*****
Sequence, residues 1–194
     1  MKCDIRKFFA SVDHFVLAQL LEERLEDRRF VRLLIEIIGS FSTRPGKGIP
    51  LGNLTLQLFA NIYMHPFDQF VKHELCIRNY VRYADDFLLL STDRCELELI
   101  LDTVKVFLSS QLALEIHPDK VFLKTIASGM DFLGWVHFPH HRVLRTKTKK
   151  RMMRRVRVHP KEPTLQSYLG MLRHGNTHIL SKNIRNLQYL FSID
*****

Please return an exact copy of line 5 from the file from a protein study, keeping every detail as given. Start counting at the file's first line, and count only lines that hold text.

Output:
   151  RMMRRVRVHP KEPTLQSYLG MLRHGNTHIL SKNIRNLQYL FSID